Which leads me to the author, who is also living out the practical implications of his worldview. He is gay, and lives in a self-described queer community in rural Tennessee. They live off the power grid and are self-sufficient. That community also wants to remake society, but in a way totally opposed to the Bible. I admire him for living out the implications of his idealogy. Frankly, I'd rather read books by people who are thinking and doing, rather than something like Julie and Julia, where the author just does random stuff to fulfill her angst. (But that's another book review.) I was surprised to read how offended people were on the Amazon reviews. There's nothing in here remotely obscene and gives about the same story you could find in a New York Times article.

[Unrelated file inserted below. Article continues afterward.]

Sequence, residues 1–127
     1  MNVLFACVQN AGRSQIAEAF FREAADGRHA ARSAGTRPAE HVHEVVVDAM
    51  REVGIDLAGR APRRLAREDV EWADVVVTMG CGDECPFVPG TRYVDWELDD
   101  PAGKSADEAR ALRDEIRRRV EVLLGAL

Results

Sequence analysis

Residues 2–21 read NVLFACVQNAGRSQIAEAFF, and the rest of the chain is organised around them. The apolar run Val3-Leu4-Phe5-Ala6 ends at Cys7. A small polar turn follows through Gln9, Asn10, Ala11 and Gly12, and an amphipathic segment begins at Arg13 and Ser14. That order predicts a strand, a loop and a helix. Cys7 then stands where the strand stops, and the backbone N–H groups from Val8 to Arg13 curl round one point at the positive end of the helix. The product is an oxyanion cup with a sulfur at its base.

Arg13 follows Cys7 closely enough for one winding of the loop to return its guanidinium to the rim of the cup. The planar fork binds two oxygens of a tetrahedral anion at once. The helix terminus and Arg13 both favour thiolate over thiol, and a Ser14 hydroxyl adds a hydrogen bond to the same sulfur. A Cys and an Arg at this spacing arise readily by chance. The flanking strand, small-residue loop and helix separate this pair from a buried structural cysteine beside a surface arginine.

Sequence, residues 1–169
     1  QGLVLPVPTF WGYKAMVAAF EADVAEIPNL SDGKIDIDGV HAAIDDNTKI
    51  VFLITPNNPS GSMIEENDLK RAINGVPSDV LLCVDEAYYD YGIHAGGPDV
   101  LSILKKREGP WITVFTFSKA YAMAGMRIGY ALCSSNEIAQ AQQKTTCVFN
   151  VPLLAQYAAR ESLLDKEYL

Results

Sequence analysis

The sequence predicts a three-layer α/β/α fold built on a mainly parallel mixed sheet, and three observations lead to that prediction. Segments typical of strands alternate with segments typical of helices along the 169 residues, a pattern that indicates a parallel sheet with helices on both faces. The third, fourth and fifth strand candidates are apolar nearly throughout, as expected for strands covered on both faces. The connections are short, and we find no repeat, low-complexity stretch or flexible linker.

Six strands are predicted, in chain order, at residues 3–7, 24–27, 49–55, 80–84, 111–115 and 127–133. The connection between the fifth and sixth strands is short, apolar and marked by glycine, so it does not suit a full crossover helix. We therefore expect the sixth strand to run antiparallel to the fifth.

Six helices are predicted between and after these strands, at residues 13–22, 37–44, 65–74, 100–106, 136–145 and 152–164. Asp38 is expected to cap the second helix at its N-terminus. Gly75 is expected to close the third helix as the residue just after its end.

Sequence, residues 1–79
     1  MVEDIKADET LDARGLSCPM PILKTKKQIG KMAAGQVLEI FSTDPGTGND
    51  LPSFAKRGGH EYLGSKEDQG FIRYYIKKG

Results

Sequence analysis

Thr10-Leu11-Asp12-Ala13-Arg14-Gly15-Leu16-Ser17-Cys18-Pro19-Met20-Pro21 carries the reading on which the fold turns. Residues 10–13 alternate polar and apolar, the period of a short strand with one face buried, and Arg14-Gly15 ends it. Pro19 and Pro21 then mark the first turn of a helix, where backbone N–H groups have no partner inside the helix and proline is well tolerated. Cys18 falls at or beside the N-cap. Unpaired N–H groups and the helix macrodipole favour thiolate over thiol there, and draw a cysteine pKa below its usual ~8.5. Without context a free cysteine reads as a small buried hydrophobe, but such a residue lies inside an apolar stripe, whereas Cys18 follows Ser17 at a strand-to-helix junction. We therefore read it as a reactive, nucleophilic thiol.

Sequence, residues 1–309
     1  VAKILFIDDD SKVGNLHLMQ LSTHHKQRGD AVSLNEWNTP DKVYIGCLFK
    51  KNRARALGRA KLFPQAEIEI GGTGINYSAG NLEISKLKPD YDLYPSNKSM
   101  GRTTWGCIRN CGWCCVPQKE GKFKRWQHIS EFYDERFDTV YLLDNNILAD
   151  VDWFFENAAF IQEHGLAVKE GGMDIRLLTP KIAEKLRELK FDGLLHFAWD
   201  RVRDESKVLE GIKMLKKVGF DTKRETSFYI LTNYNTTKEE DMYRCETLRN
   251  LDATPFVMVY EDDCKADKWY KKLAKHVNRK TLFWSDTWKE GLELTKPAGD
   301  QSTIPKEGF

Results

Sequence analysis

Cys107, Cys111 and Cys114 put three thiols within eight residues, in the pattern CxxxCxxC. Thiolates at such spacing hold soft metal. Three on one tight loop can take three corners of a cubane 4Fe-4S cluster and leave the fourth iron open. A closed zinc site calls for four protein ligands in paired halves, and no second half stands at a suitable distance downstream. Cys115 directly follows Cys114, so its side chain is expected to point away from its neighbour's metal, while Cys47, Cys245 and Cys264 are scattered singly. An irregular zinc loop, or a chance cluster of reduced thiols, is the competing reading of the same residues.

I'm mostly using the recipes from Nourishing Traditions, but I like the scope of recipes and the ease of use. The author has a "try it and see" approach which is fun and relaxed. I recommend this book if you're interested in better food and better health.

Good Calories, Bad Calories

Wednesday, July 8, 2009

Good Calories, Bad Calories by Gary Taubes

The more I learn, the more I am convinced that if a scientific idea is popular, it is most likely untrue. Examples?
The four humors determine one's personality.
The sun revolves around the earth.
Leeches can cure a fever.
If a woman floats, she's a witch.
I'm sure you're nodding your head and rolling your eyes about those ancient, ignorant people. But what about our enlightened modern times? You might also believe, for example, that Americans are responsible for global warming. Did that one hit a little closer to home? No? Okay, how about this: maybe you think, like I used to, that saturated fat causes heart disease, eating fat is bad for weight loss, and lots of dietary fiber prevents colon cancer. Nutritionally speaking, this book rocked my socks.